Bronze arrowhead of Ada

Phoenician, 11th century BC

An arrow with its owner's name

This bronze arrowhead bears an inscription of a common type giving its owner's name. It reads, in the Phoenician language, 'arrowhead of 'Ada', son of Ba 'l'a''. The form of writing, where one sign is used for a single sound, has its origins as early as about 2000 BC in the Levant. It was a much simpler system than the cuneiform of Mesopotamia, which used a mixture of ideograms (signs that give meaning) and syllabic (sound value) signs. Some of the earliest evidence for the forerunner to the alphabet comes from the coastal site of Byblos, but it is clear that a variety of scripts had been developed to record the local Canaanite languages. By the first millennium BC the fully alphabetic script had emerged. This was adopted by the Greeks and ultimately the script you are reading here derived from it.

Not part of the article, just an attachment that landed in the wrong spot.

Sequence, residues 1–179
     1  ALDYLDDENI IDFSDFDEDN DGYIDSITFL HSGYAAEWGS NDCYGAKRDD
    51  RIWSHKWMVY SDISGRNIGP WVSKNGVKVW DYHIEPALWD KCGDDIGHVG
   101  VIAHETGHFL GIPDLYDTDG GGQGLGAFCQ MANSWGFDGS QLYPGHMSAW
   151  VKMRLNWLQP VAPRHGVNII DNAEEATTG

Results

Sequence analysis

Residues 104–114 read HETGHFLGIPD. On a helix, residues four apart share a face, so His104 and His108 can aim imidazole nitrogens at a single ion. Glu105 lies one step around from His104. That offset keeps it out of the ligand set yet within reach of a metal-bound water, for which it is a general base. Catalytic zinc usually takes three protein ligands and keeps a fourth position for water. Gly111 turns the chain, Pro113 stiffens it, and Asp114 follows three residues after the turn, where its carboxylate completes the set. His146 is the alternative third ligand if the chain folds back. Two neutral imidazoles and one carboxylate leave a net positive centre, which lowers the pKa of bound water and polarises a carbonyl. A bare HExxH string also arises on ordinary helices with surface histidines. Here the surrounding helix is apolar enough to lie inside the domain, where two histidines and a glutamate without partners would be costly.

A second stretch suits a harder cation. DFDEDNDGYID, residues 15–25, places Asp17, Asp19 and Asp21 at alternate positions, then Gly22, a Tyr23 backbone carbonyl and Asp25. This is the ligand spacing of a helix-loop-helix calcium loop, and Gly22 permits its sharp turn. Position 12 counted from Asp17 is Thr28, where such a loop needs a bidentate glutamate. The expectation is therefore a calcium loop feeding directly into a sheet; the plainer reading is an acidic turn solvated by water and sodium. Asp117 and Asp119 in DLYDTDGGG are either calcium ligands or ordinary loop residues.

The Canaanites living along the coast of the Levant in the first millennium BC grew rich by supplying luxury materials to Mesopotamia, Egypt, and Iran. They produced superb quality metalwork, ivory carvings, jewellery and glass. They used a dye extracted from the murex shell to produce valuable purple fabrics. It is from the Greek word for this colour, phoinix, that the Canaanites of this period have become known as Phoenicians.

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More information


T.C. Mitchell, The Bible in the British Museu (London, The British Museum Press, 1988)

J.N. Tubb, Canaanites (London, The British Museum Press, 1998)


Length: 9.150 cm
Width: 1.650 cm

Museum number

ME 136753



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